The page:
My storeroom was packed to the gills. My office closet was worse. It was time to clear some of my stuff out.
Today’s venture started with gathering and testing my old photo studio lights so my daughter-in-law can have an easier time taking pictures of products for her cool Etsy shop.
I’ve got a set of terrific soft-box, daylight studio lights that work beautifully. My old lights work fine and will serve her well.
Pulling out those cases required making room to get at those cases – then realizing the stuff blocking those cases was, well, more stuff.
I hadn’t touched a lot of that stuff in years. We’d moved this stuff across state lines multiple times – but I hadn’t referred to it or used it in a long, long time.
Clearing space in the storeroom prompted clearing books and materials from my office closet. Some of the storeroom stuff really belonged in my office closet. My wife needed more space in the storeroom. She helped pack boxes of college textbooks and course materials for the library, for the charity store, and for the dump. Her help made the work go quickly.
In two hours we got space cleared for her needs and for my needs – and we are donating things that others will benefit from immediately.
And, there’s much more stuff that needs to go. It’s plain to see that I keep stuff way beyond it’s potential value.
The problem with having all that stuff is that it requires energy to manage it. If I need something, I look through shelves of books and drawers of files. It slows me down – I have to stop writing (and creating) to sift through my stuff. Too often, I don’t find what I thought was going to be helpful. And, my train of thought, so strong just minutes before, is now derailed.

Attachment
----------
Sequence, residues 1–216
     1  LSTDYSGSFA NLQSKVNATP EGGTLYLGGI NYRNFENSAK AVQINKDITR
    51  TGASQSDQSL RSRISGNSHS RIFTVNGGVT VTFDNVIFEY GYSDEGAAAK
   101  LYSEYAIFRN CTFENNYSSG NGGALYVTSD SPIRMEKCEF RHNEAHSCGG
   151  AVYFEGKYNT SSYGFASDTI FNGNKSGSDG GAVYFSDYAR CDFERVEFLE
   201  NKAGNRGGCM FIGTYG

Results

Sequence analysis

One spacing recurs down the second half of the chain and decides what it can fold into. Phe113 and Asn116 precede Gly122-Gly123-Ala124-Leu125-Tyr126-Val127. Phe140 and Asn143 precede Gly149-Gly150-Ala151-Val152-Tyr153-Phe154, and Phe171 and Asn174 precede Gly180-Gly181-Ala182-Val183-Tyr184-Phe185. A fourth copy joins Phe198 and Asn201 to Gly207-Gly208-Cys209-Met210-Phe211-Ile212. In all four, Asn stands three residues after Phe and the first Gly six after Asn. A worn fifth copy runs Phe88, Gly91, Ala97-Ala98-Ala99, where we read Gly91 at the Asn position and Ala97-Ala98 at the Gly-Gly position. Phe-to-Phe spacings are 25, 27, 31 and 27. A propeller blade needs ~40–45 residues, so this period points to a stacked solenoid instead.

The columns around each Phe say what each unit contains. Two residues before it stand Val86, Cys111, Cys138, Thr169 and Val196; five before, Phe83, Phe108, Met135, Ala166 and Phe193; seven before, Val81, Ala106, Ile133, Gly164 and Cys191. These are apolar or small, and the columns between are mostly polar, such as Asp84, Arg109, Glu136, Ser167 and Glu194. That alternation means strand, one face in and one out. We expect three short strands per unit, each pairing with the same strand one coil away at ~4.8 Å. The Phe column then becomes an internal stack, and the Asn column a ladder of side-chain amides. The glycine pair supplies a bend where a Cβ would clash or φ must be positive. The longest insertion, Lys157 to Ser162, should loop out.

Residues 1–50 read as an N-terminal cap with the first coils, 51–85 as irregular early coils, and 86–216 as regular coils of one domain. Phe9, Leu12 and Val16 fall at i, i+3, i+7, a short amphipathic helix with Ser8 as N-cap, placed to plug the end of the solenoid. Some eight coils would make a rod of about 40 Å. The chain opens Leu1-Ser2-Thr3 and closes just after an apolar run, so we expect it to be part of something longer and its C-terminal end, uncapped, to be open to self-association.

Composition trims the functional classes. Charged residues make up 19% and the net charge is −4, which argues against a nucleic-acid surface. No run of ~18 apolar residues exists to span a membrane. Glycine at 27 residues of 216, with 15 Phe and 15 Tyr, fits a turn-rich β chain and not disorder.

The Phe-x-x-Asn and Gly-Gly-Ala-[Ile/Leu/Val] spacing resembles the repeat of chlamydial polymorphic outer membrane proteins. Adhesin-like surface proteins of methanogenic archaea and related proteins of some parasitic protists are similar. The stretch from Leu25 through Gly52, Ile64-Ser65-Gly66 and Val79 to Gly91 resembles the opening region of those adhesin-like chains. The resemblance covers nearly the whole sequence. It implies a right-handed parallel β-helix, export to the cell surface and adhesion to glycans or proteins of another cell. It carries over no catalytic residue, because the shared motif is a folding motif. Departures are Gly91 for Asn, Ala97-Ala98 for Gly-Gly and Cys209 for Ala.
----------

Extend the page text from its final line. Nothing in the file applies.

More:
What clutter gets in the way of your clear thinking, clear creating, clear service, and clear contribution? Some clutter is literal – old files and books and boxes of stuff. Some clutter is figurative – but it disturbs our efforts just the same.
For example, do you rely on dusty, maybe even rusty knowledge or skills to get work done today? Have new, more efficient ways to contribute passed you by?
Do you rely on antiquated systems or processes to stay in touch with internal and external customers? Have new means to engage and connect with peers and customers not made an impression on you, yet?
Have you made assumptions about others’ skills or agendas that inhibit effective teaming and prompt resolution of issues?
In my work with leaders at all levels of organizations, I see this all the time.
If we’re not evolving, we’re eroding. Take the time regularly to clean the lenses, clear the clutter, and start a bit fresher than we were before.
How healthy is your team or company’s culture? Don’t guess – get the data with my online Culture Effectiveness Assessment.
Want hands-on guidance for building a safe, inspiring workplace? Join me in Denver for my Culture Leadership Roundtable. This one-morning-a-month series, based on my book, The Culture Engine, starts in March 2015 and ends in September.
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